Thirst motivation, like that of hunger, is regulated by peripheral and central nervous system mechanisms. In part, thirst regulation involves
both the intra‐ and extra‐cellular water content of the cells in the body
a chemical (angiotensin) produced by the kidneys
a hormone (antidiuretic hormone (ADH), also called vasopressin) produced by the pituitary gland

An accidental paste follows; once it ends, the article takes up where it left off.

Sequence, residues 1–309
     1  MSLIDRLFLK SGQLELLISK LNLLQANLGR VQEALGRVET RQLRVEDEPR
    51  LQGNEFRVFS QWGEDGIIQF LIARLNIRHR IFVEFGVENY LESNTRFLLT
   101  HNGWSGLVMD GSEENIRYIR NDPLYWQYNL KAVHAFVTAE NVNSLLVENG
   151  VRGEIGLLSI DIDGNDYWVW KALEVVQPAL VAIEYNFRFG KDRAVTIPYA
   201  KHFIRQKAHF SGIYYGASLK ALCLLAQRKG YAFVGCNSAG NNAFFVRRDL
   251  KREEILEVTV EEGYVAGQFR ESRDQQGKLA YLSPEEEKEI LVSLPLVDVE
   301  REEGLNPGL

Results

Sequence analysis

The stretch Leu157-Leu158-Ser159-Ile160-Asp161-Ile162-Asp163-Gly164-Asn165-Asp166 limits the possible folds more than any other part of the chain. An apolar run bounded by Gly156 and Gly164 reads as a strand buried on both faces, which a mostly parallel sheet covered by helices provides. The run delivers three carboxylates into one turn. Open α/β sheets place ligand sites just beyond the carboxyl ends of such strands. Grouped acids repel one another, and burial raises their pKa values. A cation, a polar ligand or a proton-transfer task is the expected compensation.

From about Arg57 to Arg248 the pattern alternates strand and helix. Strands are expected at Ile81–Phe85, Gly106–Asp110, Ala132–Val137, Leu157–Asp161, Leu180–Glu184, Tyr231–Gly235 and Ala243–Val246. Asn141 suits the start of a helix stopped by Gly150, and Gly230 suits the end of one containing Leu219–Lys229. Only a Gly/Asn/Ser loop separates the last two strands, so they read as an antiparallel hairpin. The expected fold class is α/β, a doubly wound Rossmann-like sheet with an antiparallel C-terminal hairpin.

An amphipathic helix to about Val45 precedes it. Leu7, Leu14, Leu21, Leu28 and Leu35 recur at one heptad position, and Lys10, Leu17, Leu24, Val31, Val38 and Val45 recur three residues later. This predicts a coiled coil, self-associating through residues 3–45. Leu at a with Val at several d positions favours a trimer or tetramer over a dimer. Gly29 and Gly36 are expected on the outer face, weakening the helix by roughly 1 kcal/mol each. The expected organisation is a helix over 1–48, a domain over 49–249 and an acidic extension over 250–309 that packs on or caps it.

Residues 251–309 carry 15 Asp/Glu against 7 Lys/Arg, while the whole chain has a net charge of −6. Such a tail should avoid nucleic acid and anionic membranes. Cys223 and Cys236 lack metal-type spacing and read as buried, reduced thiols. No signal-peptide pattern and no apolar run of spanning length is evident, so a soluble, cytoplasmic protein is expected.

Central nervous system structures such as the subfornical organ and the LH (lateral hypothalamic nucleus) also help regulate thirst. Damage to the LH causes the animal to become adipsic (fail to drink) as well as to become aphagic (fail to eat). The double depletion hypothesis contends that thirst is produced by depletion of fluid both outside and within cells.